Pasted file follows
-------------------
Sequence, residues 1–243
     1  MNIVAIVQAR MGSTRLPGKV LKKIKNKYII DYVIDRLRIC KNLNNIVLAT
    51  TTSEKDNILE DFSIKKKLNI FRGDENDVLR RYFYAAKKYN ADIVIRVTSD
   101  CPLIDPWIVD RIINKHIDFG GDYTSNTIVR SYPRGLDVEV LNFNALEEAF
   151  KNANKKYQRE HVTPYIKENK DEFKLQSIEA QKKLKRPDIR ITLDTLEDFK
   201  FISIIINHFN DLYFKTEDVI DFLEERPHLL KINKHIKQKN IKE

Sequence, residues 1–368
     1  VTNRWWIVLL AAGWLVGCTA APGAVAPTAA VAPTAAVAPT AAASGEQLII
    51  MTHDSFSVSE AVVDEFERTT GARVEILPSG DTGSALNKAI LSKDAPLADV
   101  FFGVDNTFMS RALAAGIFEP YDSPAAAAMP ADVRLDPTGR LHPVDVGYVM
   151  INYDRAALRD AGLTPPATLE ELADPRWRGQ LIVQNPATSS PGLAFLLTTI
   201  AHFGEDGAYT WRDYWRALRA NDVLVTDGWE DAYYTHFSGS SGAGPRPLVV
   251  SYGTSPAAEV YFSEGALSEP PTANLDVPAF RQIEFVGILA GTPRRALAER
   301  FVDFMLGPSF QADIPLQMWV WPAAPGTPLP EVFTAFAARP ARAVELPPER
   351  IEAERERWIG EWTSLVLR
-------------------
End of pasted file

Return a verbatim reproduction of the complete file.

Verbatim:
Sequence, residues 1–243
     1  MNIVAIVQAR MGSTRLPGKV LKKIKNKYII DYVIDRLRIC KNLNNIVLAT
    51  TTSEKDNILE DFSIKKKLNI FRGDENDVLR RYFYAAKKYN ADIVIRVTSD
   101  CPLIDPWIVD RIINKHIDFG GDYTSNTIVR SYPRGLDVEV LNFNALEEAF
   151  KNANKKYQRE HVTPYIKENK DEFKLQSIEA QKKLKRPDIR ITLDTLEDFK
   201  FISIIINHFN DLYFKTEDVI DFLEERPHLL KINKHIKQKN IKE

Sequence, residues 1–368
     1  VTNRWWIVLL AAGWLVGCTA APGAVAPTAA VAPTAAVAPT AAASGEQLII
    51  MTHDSFSVSE AVVDEFERTT GARVEILPSG DTGSALNKAI LSKDAPLADV
   101  FFGVDNTFMS RALAAGIFEP YDSPAAAAMP ADVRLDPTGR LHPVDVGYVM
   151  INYDRAALRD AGLTPPATLE ELADPRWRGQ LIVQNPATSS PGLAFLLTTI
   201  AHFGEDGAYT WRDYWRALRA NDVLVTDGWE DAYYTHFSGS SGAGPRPLVV
   251  SYGTSPAAEV YFSEGALSEP PTANLDVPAF RQIEFVGILA GTPRRALAER
   301  FVDFMLGPSF QADIPLQMWV WPAAPGTPLP EVFTAFAARP ARAVELPPER
   351  IEAERERWIG EWTSLVLR